Secret Escapes emails (part two)

This is part two to my case study of Secret Escapes emails and how they can be improved. Read part one here.

So when I left off from my last blog post I said that the next part would show the process of rewriting the Secret Escapes email ad for South Africa.

It’s now been over a week and it’s midnight so I’m ready to type out part two fast af because I don’t want this interrupting me tomorrow afternoon, when I want to watch Fresh Prince re-runs.

Anyway, here’s that email again:



My main criticism was how impersonal it was, which makes it less likely to be read. Readers want to relate to the copy and feel like it’s been written for them.

That is pretty difficult with such a large mailing list which isn’t directed a specific group.

The Secret Escapes email list is sent to millions of random people in the UK that happen to have signed up at some point because they were interested in their travel offers. This group of readers is diverse so it’s even more important to have a personal tone.

Readers want to be spoken to like individuals; it’s the easiest way to gain their interest. Like you. If you’re reading this, you got here because of a pretty different chain of events than people reading Secret Escapes emails.

Your chain most likely started with me saying “go read my blog” in a text message that btw I just copied and pasted. Given the huge amount of respect you already have for me, you thought “go on then”.

And you’ve made it this far. It’ll get better because soon you’ll see me pretending I’ve been to South Africa (which would be nice but as of feb 2017, I don’t have a sugar daddy.)

But anywayyyyy, let’s get back to the real message here.

How can we rewrite the email?

One of the easiest ways to make the email more personal would be to write it from one person to another. We’re pretty lucky because the video actually features a woman as a guide, so the email advert could have just been written from her.

Take a look at this email:




This is me, standing over Blyde River Canyon in South Africa.

Looking back, the memory is so surreal that I need the photo to convince myself I was really there.

So why are my holiday pictures in your inbox? Let me explain…

I was standing there at the break of dawn, filming the most beautiful sights in South Africa for you, as a Secret Escapes member.

Now, most guides to South Africa can tell you that this is the 3rd largest canyon in the world. But they can’t share the feeling of sitting in the clouds, waiting for the sun to rise. And slowly, for light to fill the canyon and reveal its natural beauty, like a curtain rising before the most spectacular show on earth.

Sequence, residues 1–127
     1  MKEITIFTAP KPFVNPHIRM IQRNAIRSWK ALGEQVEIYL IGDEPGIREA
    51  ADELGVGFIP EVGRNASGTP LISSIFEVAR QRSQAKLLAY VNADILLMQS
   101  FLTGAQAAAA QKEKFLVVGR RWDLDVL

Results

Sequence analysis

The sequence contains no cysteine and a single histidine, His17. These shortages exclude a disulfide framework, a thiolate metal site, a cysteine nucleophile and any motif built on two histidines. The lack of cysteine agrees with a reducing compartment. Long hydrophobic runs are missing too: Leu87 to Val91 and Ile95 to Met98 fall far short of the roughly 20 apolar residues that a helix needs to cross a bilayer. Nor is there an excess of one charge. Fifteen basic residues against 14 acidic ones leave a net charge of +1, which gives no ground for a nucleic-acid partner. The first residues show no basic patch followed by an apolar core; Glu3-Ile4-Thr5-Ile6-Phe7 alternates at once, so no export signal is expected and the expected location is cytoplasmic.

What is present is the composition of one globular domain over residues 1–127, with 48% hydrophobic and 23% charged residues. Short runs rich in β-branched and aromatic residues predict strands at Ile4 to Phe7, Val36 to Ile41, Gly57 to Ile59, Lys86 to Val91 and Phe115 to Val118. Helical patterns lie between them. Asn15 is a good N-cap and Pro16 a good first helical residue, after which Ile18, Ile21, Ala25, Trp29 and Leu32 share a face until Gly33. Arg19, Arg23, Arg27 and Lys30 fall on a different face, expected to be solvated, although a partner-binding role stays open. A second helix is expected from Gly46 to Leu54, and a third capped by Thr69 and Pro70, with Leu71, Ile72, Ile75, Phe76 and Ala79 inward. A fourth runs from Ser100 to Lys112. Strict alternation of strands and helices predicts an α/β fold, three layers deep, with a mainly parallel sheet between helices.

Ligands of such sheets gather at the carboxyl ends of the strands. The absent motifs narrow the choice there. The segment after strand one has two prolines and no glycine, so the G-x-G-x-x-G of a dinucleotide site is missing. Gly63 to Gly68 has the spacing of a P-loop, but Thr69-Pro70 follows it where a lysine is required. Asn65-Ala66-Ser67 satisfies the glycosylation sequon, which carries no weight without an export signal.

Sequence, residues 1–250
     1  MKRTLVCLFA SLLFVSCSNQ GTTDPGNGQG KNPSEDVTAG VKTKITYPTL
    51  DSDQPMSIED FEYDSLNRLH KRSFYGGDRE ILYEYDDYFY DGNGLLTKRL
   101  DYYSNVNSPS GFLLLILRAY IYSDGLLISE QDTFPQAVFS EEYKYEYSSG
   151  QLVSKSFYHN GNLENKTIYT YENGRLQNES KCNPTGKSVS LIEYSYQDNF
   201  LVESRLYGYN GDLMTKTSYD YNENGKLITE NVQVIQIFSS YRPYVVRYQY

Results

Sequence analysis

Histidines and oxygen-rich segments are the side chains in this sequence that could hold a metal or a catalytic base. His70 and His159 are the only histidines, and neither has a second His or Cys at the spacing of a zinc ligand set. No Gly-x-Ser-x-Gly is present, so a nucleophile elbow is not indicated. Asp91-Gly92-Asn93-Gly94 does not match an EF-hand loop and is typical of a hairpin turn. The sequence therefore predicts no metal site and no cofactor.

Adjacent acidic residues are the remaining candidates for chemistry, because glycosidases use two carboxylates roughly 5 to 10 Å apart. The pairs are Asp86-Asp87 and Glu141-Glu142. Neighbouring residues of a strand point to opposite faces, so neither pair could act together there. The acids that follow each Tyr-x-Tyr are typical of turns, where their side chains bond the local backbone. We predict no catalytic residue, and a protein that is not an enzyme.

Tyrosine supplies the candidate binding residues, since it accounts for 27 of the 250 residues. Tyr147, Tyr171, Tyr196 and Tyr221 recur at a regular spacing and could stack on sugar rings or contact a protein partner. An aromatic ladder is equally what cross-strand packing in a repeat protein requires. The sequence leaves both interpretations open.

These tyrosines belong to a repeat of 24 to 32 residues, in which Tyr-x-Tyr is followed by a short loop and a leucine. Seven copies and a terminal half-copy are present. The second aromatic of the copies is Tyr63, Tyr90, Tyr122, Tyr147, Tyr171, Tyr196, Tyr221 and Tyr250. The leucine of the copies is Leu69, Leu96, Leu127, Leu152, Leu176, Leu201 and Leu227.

My time in South Africa produced some stunning footage of the landscapes, wildlife and food (as well as 600 ducks running through a wine reserve!). But that is nowhere near as important as what I learnt from talking to local guides.

At Secret Escapes we have made this handy guide, packed with advice from local experts as well as full details on activities, food and history.

By watching this video guide, you will be ready to explore this untouched beauty. Use the advice I’ve gathered from local experts, to make the most of your trip, and experience all the country has to offer, from African safari for children, to the Cape Winelands for adults.

Don’t miss out on our free guide and our exclusive, limited offers of up to 70% off on luxury hotels and tours.

[Watch the video guide to South Africa]

Now as crappy as that looks, you’ll agree that it is much more interesting to read than the original email. By making it sound like it has come from a human, readers will actually want to read the copy, and can ultimately do what it asks.

Why would this work better?

There are a few strategies I’m using here:

  1. The email subject directly states what will be inside, to filter out people who won’t be interested at all. It’s still pretty broad because everyone seems to identify with being a ‘traveller’.
  1. The picture is nice, and the copy talks about the picture. Like I said in part one, the audience is much more likely to look at the picture. By using that big caption underneath we’re profiting from the attention they’ve already chosen to give to the picture.
  1. The copy sounds like the woman wrote it, directly to you. Even though it’s longer than the original email, this one may actually get your attention because it’s talking to you.

Of course, the advert could be positioned in a bunch of different ways, depending on their target. And it may help to test out different emails that focus more on specific groups, such as:

  • South Africa for wine-lovers,
  • South Africa as the perfect destination for families,
  • or South Africa for thrill-seekers, etc.

Since their huge email list doesn’t have much in common, these targeted emails may work better.

I mean, you could probably argue that their email list shares a common desire for luxury trips at amazing value, but literally everyone fits into that category. It’s understandable that the conversion rate is never going to be super high for their emails, but with some simple changes they would probably see more sales, or at least have a friendlier image.


So that’s the end of part two, which means the next blog post will be on a completely different advert.

You can stay tuned by following this blog, bookmarking the page or probably just waiting for me to tell you when I’ve done something new.






3 thoughts on “Secret Escapes emails (part two)

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